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The School-master's Instructions teach a Boy Modesty, Civility, and Manners becoming his Age, in what Posture he ought to stand while he talks to his Superiors; concerning Habit, Discourse, and Behaviour at Table and in School.

The School-master and Boy.

Sch. You seem not to have been bred at Court, but in a Cow-stall; you behave yourself so clownishly. A Gentleman ought to behave himself like a Gentleman. As often or whenever any one that is your Superior speaks to you, stand strait, pull off your Hat, and look neither doggedly, surlily, saucily, malapertly, nor unsettledly, but with a staid, modest, pleasant Air in your Countenance, and a bashful Look fix'd upon the Person who speaks to you; your Feet set close one by t'other; your Hands without Action: Don't stand titter, totter, first standing upon one Foot, and then upon another, nor playing with your Fingers, biting your Lip, scratching your Head, or picking your Ears: Let your Cloaths be put on tight and neat, that your whole Dress, Air, Motion and Habit, may bespeak a modest and bashful Temper.

Bo. What if I shall try, Sir?

Ma. Do so.

Bo. Is this right?

Ma. Not quite.

Bo. Must I do so?

Ma. That's pretty well.

Bo. Must I stand so?

Ma. Ay, that's very well, remember that Posture; don't be a Prittle prattle, nor Prate apace, nor be a minding any Thing but what is said to you. If you are to make an Answer, do it in few Words, and to the Purpose, every now and then prefacing with some Title of Respect, and sometimes use a Title of Honour, and now and then make a Bow, especially when you have done speaking: Nor do you go away without asking Leave, or being bid to go: Now come let me see how you can practise this. How long have you been from Home?

Bo. Almost six Months.

Ma. You should have said, Sir.

Bo. Almost six Months, Sir.

Ma. Don't you long to see your Mother?

Bo. Yes, sometimes.

Ma. Have you a Mind to go to see her?

Bo. Yes, with your Leave, Sir.

Ma. Now you should have made a Bow; that's very well, remember to do so; when you speak, don't speak fast, stammer, or speak in your Throat, but use yourself to pronounce your Words distinctly and clearly. If you pass by any ancient Person, a Magistrate, a Minister, or Doctor, or any Person of Figure, be sure to pull off your Hat, and make your Reverence: Do the same when you pass by any sacred Place, or the Image of the Cross. When you are at a Feast, behave yourself chearfully, but always so as to remember what becomes your Age: Serve yourself last; and if any nice Bit be offer'd you, refuse it modestly; but if they press it upon you, take it, and thank the Person, and cutting off a Bit of it, offer the rest either to him that gave it you, or to him that sits next to you. If any Body drinks to you merrily, thank him, and drink moderately. If you don't care to drink, however, kiss the Cup. Look pleasantly upon him that speaks to you; and be sure not to speak till you are spoken to. If any Thing that is obscene be said, don't laugh at it, but keep your Countenance, as though you did not understand it; don't reflect on any Body, nor take place of any Body, nor boast of any Thing of your own, nor undervalue any Thing of another Bodies. Be courteous to your Companions that are your Inferiors; traduce no Body; don't be a Blab with your Tongue, and by this Means you'll get a good Character, and gain Friends without Envy. If the Entertainment shall be long, desire to be excus'd, bid much good may it do the Guests, and withdraw from Table: See that you remember these Things.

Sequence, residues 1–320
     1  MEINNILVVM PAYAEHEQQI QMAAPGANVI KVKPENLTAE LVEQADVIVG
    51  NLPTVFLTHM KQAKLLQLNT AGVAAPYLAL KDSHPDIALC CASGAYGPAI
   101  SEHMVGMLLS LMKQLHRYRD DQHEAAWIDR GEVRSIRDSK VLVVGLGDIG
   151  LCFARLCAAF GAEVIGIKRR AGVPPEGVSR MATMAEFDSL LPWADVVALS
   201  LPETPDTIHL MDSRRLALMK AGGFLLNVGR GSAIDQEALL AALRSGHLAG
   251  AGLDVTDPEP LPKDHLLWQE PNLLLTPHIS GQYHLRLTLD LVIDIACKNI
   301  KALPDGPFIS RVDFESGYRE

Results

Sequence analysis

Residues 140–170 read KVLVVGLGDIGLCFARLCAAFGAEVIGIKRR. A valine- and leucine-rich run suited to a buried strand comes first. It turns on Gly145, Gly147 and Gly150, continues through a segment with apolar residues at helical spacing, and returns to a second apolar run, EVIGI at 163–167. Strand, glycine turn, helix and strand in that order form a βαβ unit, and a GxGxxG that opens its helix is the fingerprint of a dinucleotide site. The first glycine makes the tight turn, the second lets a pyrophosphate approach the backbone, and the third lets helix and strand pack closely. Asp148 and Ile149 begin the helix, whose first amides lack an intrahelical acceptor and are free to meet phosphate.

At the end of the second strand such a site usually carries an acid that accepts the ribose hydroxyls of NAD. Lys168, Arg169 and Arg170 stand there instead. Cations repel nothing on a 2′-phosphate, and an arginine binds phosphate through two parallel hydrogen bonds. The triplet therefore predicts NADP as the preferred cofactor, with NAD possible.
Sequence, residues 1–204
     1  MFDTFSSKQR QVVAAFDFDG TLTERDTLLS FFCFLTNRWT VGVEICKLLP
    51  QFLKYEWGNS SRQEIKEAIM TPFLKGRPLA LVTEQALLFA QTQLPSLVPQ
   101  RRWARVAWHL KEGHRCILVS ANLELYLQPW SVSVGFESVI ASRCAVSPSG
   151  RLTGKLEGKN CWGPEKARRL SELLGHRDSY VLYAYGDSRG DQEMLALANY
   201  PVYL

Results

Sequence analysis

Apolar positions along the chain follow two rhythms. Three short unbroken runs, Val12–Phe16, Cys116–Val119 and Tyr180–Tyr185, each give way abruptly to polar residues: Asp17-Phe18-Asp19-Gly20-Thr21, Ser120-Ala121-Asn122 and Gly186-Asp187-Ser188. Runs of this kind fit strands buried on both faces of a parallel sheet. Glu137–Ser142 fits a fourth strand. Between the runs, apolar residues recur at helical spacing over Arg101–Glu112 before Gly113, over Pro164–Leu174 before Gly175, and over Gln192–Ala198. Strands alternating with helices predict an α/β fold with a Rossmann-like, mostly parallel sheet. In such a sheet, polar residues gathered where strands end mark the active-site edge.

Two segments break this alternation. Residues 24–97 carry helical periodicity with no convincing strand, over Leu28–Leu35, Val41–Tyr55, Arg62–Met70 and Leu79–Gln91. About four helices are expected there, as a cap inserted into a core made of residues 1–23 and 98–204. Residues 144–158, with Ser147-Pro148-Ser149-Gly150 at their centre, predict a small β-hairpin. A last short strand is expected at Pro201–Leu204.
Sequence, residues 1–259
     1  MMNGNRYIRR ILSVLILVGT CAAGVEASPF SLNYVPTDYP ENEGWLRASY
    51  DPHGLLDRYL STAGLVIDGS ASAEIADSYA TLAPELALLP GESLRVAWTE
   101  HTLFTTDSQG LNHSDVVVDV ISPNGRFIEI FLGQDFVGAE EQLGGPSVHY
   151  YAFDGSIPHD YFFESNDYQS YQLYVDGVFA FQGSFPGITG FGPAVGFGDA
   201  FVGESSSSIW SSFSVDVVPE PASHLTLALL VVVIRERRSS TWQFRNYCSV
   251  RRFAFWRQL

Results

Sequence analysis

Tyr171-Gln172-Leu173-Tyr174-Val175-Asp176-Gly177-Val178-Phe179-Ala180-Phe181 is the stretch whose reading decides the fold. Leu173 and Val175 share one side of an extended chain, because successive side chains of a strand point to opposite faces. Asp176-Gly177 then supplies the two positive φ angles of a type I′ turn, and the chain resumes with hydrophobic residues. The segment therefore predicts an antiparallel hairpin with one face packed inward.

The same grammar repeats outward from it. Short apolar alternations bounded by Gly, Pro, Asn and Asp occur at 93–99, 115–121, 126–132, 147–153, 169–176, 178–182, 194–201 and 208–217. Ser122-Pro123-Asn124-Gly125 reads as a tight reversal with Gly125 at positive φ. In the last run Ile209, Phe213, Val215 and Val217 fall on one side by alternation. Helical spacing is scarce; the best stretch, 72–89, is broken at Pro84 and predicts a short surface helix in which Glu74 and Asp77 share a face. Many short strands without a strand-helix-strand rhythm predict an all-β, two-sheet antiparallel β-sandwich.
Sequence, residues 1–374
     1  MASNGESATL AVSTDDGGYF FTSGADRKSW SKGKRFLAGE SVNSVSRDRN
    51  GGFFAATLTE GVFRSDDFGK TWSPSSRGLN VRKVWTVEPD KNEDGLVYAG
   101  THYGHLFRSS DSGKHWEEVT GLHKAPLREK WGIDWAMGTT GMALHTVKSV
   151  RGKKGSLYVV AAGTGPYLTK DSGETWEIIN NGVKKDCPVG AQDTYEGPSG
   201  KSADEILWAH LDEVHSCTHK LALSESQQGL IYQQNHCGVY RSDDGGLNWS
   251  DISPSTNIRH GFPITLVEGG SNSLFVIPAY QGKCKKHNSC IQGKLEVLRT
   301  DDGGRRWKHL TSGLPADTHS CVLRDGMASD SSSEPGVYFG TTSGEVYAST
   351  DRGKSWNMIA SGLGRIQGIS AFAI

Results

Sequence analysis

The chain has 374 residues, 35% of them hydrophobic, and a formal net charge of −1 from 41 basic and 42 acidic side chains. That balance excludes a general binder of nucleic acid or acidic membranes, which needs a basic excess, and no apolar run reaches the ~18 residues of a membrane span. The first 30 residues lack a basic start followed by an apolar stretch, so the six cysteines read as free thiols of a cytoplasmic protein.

Bo. I'll do my Endeavour, Sir. Is there any Thing else you'd have me do?

Ma. Now go to your Books.

Bo. Yes, Sir.

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